Old Press Bio —
Guitarist/singer/songwriter Geech Sorensen founded Capital City in 1999 to showcase his growing assortment of hook-filled indie pop songs with jangly acoustic edges. In the early ‘90’s he had been writing and playing in Boston with college friend Keith Gendel, who went on to become a principal force of international pop beacons Papas Fritas, but then drifted off for adventure in South America and the mid-Atlantic U.S. Geech returned to Boston in 1998, guitar and mic in hand, and determined to get back to music. Convincing friends Jeff Wright (bass) Eric Herman (drums) and Miranda Inganni (shared vocals) to humor him in 1999, the group became known as Capital City.
In March of 2000, Boston-based label Near by Music released the City’s debut EP, the four-song Start Your Own Country. Recorded by Seana Carmody / Syrup USA stickman Orrin Anderson, the CD’s mixed-gender sing-alongs and catchy minimalist tunes attracted local and national interest. The e-zine Yahtzeen remarked, “A band with great potential,” while Boston indie music zine The Noise declared, “I can’t wait to hear more.” Pop Culture Press included the track “Coming Home” on a compilation.
In February of 2001, Capital City delivered their second Near by Music release, a gold-colored 7-inch single with two fresh numbers, “The Sound” and “National Landmark.” Recorded by Tony Goddess of Papas Fritas, the release was a study in manic depression: “The Sound” had a toe-tapping energy that made you wanna shake it, while “National Landmark” contained a sadness that made you wonder if you could take it.
The single caught more media attention, with reviews appearing in Magnet, Shredding Paper, Rockpile, Splendid E-Zine, All Music Guide, Punk Planet and others. “The Sound” was put out on a compilation by Japanese label Contact Records. Called “U.S. Pop Life vol.8 North East – Journey to End of Twilight”, this disc was distributed in both Japan and the U.S.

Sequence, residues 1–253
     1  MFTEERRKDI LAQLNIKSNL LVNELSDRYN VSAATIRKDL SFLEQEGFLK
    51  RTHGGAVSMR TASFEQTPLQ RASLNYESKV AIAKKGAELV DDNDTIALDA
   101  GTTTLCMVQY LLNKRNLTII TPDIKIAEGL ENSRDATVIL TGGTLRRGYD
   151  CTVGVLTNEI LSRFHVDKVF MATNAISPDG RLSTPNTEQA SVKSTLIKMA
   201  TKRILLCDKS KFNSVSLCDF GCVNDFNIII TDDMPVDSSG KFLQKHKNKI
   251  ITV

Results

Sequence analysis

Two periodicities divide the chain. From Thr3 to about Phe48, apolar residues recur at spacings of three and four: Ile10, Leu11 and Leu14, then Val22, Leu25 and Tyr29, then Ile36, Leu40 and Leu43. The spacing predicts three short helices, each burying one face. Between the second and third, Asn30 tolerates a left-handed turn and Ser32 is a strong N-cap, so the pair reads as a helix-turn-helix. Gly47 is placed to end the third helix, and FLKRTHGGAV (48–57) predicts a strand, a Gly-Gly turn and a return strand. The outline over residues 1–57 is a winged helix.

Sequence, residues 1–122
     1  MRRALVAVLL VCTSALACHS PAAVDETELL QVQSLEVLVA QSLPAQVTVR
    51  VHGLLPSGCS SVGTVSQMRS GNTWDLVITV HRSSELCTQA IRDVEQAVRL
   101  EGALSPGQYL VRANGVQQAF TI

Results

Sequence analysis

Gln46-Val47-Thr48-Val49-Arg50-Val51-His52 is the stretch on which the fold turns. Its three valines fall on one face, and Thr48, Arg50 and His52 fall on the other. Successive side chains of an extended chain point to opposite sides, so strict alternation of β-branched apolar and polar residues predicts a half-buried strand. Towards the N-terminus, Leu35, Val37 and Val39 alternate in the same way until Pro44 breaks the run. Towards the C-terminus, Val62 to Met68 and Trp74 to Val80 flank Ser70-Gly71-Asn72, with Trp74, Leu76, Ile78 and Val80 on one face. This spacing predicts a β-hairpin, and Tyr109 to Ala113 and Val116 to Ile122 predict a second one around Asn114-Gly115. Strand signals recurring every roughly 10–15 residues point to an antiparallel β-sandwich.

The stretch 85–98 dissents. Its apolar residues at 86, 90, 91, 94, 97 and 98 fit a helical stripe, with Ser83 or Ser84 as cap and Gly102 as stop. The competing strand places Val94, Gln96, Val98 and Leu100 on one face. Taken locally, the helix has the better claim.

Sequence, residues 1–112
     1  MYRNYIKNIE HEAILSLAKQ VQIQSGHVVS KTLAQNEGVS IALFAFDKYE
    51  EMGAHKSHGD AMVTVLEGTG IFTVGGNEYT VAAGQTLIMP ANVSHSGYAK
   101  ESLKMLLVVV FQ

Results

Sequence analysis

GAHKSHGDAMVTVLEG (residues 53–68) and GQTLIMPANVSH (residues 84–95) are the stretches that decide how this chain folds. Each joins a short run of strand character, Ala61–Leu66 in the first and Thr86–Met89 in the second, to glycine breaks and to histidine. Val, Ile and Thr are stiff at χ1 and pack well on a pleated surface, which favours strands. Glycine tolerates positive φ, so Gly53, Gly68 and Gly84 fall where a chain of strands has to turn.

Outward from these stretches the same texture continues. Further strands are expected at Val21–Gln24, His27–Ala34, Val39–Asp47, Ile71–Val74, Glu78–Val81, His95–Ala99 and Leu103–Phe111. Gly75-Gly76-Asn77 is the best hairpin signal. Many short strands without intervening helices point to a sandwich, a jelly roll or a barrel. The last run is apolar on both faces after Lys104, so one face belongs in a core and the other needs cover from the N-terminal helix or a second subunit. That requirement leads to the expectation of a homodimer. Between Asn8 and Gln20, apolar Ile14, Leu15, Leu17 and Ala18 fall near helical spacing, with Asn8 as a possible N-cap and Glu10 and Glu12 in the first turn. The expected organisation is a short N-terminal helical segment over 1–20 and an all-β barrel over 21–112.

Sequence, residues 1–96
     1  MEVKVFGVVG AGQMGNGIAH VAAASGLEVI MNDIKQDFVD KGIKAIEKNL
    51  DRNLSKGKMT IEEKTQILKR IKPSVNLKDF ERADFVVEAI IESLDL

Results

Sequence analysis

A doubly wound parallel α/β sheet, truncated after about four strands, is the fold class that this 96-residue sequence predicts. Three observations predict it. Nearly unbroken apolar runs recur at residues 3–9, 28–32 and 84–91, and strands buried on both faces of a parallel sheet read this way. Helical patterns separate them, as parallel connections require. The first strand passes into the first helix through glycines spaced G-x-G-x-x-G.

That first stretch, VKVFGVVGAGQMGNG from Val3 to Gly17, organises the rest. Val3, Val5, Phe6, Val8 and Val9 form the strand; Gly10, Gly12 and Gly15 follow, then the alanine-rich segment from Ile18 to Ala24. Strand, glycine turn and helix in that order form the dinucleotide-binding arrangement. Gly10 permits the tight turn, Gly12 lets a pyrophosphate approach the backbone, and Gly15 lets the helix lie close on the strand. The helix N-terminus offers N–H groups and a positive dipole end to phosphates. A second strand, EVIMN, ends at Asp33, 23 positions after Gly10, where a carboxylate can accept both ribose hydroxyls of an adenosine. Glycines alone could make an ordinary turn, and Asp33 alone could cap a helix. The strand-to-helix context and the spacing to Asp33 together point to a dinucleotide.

At the end of 2001, Miranda left the band and Walter Blazewicz joined with his bass. Shows, writing and recording ensued. In June of 2002, Geech and company emerged from the studio with their first full-length, the 11-song Am I Invisible. The band produced the album with Brian Brown (Tanya Donnelly, Pilot To Gunner, Bill Janovitz, Juliana Hatfield) at Fort Apache Studios, in Cambridge, MA, where great bands like Dinosaur Jr., Uncle Tupelo, Buffalo Tom, The Pixies and Yo La Tengo made records.
The disc kicks-off with the spaced-out, country-flavored “This Town Won’t Be The Same,” then slides into to the jangly and distorted “White Hands,” mellows into staccato guitars on the Elvis-Costello-like ballad “Whistleblower,” and closes with the introspective, creepy and bare “Drift Away.” The band uses violin, viola, stereo acoustic guitars, natural echo chambers and organs to warm various tracks, while guest vocalist Julie Otis sings occasional backgrounds and, on one track, lead.
Lyrically, Am I Invisible has a lonely and introspective sheen, with song subjects ranging from accepting diminished expectations and questioning power structures to unrequited love. The songs form an album in the truest sense – a collection of diverse, earnest, hook-laden songs that touch on a wide range of emotions and feelings without repetition.
The band played throughout the Northeast with The Loud Family, Beachwood Sparks, Stereo Total, Leona Naess, Star Ghost Dog, Silver Scooter, the Waxwings, Ours, Jr. Corduroy and kleenexgirlwonder. The band has also gigged numerous times with old pals Papas Fritas, whose member Tony Goddess says of Capital City, “I really like their sound — the acoustics, the electrics and the echoes. And I like Geech’s songs. The way they hover between major and minor reminds me of the late Kurt Cobain. And that’s a good thing.”